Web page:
When the idea for a T-shirt line first came to him, Jeff Fitzharris says, "It hit my head like a bag of hammers." The artist, who lives and works in Charleston, is a painter and muralist whose work is collected by the likes of Jack White, Deepak Chopra, Sylvester Stallone, and Sydney Poitier.
In July of 2012, in between art commissions, he'd come up with a concept for a series of T-shirts all bearing the same catchphrase, "There's No Place Like Charleston" (TNPLC). He started dreaming up designs, like the Wizard of Oz-themed one that he'll debut at the brand's launch party on Saturday: a psychedelic Charleston streetscape with a stylized, starry-eyed Dorothy taking center stage. But Fitzharris quickly realized he wasn't going to be satisfied creating a company that would only lead to profits for himself.
"Initially, it was just a T-shirt idea I was going to do," he says. But to justify all the hours that he knew he would be dedicating to the project, he wanted it to be about something bigger than making money. It didn't take long for Fitzharris, who has an autistic relative, to decide what the reason would be. Not only would proceeds from the sale of shirts benefit those with autism, Fitzharris decided, he would employ individuals with autism in the production process as well.
Fast-forward a little over two years, and Fitzharris, Laura Misenhelter, and Victoria Boynton are sitting at a table on the King Dusko patio, discussing the launch of the T-shirt line and the Nov. 13 benefit party that will promote both the brand and the mission of TNPLC. They're also discussing the vision that's brought them together. Boynton, a freelance publicist who frequently works with King Dusko on events, has jumped on board to help promote the mission well beyond the first fundraiser at the venue.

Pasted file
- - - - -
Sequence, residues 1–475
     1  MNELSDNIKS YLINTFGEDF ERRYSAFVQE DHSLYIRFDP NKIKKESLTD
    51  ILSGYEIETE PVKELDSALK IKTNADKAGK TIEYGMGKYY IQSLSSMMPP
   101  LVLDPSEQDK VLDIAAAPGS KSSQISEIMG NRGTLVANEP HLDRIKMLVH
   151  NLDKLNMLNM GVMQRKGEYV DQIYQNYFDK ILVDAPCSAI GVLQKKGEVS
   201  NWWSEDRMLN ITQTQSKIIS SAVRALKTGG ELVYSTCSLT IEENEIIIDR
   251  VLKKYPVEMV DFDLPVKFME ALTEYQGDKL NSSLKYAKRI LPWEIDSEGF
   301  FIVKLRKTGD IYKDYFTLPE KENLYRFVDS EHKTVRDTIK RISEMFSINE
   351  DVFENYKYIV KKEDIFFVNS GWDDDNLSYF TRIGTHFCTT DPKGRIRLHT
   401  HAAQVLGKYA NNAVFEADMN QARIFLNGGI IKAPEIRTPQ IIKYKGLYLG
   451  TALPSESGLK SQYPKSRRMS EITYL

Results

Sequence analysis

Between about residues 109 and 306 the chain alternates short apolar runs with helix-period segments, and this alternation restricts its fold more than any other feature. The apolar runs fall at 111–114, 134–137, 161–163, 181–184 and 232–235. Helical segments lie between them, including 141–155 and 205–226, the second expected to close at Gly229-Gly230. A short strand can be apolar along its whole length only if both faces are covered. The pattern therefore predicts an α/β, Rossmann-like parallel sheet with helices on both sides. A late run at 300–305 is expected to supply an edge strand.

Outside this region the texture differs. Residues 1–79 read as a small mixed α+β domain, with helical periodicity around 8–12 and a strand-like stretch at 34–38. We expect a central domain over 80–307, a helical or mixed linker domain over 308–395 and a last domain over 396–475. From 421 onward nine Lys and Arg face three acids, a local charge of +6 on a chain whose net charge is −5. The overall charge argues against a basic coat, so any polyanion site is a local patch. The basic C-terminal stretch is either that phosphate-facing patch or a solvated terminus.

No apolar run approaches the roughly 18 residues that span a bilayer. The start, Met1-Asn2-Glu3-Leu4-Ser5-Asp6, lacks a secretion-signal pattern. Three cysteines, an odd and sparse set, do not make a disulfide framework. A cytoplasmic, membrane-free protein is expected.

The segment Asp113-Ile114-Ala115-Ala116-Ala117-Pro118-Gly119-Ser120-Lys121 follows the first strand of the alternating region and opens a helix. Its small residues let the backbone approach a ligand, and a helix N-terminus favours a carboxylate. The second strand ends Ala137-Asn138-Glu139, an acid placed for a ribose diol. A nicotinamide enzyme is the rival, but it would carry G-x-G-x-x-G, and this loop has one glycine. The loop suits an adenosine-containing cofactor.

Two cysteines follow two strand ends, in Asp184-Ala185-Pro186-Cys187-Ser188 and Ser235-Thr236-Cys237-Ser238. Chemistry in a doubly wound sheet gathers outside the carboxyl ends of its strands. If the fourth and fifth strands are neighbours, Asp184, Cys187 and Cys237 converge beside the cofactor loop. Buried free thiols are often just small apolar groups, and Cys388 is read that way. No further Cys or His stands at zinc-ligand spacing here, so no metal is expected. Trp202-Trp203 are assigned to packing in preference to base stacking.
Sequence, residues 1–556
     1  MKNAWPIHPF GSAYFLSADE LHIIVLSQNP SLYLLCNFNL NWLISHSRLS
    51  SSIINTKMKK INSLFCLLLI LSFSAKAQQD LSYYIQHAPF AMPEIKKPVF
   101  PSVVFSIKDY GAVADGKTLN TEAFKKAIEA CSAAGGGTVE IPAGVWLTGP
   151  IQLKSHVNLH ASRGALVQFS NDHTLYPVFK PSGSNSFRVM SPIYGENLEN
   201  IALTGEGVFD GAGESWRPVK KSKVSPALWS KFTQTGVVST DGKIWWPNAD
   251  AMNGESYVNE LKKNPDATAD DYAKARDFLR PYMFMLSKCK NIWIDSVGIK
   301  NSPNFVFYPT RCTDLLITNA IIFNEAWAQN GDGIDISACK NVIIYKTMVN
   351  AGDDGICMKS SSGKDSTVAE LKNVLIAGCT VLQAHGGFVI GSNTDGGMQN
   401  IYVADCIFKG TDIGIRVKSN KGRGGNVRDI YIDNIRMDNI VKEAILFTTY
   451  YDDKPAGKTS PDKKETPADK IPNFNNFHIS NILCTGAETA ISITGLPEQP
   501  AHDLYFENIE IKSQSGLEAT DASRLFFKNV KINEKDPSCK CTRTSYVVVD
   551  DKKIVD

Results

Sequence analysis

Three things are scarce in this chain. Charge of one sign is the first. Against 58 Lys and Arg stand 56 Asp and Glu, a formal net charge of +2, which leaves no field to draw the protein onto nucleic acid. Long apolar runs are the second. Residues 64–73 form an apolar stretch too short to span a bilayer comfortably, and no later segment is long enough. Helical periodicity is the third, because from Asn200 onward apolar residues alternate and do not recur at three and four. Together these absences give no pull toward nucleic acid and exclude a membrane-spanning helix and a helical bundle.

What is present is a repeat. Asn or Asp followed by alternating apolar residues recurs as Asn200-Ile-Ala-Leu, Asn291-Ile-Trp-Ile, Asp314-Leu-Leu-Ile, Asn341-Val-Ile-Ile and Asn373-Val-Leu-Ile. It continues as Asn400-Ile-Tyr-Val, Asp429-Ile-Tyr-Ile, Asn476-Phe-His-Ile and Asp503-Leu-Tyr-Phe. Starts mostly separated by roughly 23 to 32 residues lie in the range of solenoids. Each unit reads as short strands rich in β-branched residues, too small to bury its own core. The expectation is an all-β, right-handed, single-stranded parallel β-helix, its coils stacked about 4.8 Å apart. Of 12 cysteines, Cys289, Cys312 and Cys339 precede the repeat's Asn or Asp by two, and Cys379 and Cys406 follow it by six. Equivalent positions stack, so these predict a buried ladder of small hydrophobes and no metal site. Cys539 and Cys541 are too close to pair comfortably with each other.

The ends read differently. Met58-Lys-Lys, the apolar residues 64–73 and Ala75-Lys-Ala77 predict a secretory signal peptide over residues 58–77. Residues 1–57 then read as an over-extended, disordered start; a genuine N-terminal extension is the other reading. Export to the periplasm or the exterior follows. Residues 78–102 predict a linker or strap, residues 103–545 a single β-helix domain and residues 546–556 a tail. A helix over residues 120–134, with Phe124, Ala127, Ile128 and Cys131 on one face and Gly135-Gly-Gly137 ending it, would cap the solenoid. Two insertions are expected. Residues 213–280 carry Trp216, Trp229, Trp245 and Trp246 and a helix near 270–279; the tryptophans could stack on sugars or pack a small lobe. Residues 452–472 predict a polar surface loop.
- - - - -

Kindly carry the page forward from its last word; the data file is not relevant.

Misenhelter, who has a son with autism and is the president and co-founder of the Charleston Autism Academy, has signed on to run the business end of the enterprise. A pharmacist by trade, she developed the academy in order to deliver Applied Behavior Analysis services, or behavioral therapy, to children with autism in a one-on-one setting.
Misenhelter was impressed from the outset by Fitzharris' enthusiasm and sense of mission — specifically, his desire to not only donate money, but to use the brand to provide training, employment, and a sense of purpose for those with autism. "Everyone, when they're occupied, is happier," she says. "Whether you're autistic or not."
It didn't take long for Misenhelter and Fitzharris to figure out how the academy's students could work with TNPLC. "It might be folding the shirts, packaging them, shipping them out," she says. And she feels optimistic about the brand's chances for success. "Jeff is an accomplished artist," she says. "It's very exciting to be associated with somebody of his caliber."
Once the T-shirt line was ready to launch, Fitzharris settled on King Dusko for the brand's introduction to the public. "It's a very authentic place, where you can speak from your heart," he says. "It just felt like the right place."
The event will feature music by John-Keith Culbreth and Will Blackburn, both of Stop Light Observations. T-shirts will be on sale for $20 each, and the group will also be accepting donations to the Charleston Autism Academy. But Fitzharris, Misenhelter, and Boynton encourage people to attend whether or not they can provide financial support. "The music and laughing are free," Boynton says.